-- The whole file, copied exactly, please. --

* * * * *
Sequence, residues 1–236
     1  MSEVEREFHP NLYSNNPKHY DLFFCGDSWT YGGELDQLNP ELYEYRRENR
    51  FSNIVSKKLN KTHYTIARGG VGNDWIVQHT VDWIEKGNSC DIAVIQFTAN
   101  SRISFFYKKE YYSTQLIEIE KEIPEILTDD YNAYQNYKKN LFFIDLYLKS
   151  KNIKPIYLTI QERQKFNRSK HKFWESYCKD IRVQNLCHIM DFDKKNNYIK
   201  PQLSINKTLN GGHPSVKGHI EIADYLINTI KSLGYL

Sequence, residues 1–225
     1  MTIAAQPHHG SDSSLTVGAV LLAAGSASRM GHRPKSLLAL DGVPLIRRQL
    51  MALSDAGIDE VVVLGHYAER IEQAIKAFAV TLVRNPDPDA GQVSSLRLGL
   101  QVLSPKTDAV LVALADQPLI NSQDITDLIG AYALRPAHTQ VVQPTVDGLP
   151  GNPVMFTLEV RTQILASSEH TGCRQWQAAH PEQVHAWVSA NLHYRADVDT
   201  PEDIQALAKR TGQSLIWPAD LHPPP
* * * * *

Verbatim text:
Sequence, residues 1–236
     1  MSEVEREFHP NLYSNNPKHY DLFFCGDSWT YGGELDQLNP ELYEYRRENR
    51  FSNIVSKKLN KTHYTIARGG VGNDWIVQHT VDWIEKGNSC DIAVIQFTAN
   101  SRISFFYKKE YYSTQLIEIE KEIPEILTDD YNAYQNYKKN LFFIDLYLKS
   151  KNIKPIYLTI QERQKFNRSK HKFWESYCKD IRVQNLCHIM DFDKKNNYIK
   201  PQLSINKTLN GGHPSVKGHI EIADYLINTI KSLGYL

Sequence, residues 1–225
     1  MTIAAQPHHG SDSSLTVGAV LLAAGSASRM GHRPKSLLAL DGVPLIRRQL
    51  MALSDAGIDE VVVLGHYAER IEQAIKAFAV TLVRNPDPDA GQVSSLRLGL
   101  QVLSPKTDAV LVALADQPLI NSQDITDLIG AYALRPAHTQ VVQPTVDGLP
   151  GNPVMFTLEV RTQILASSEH TGCRQWQAAH PEQVHAWVSA NLHYRADVDT
   201  PEDIQALAKR TGQSLIWPAD LHPPP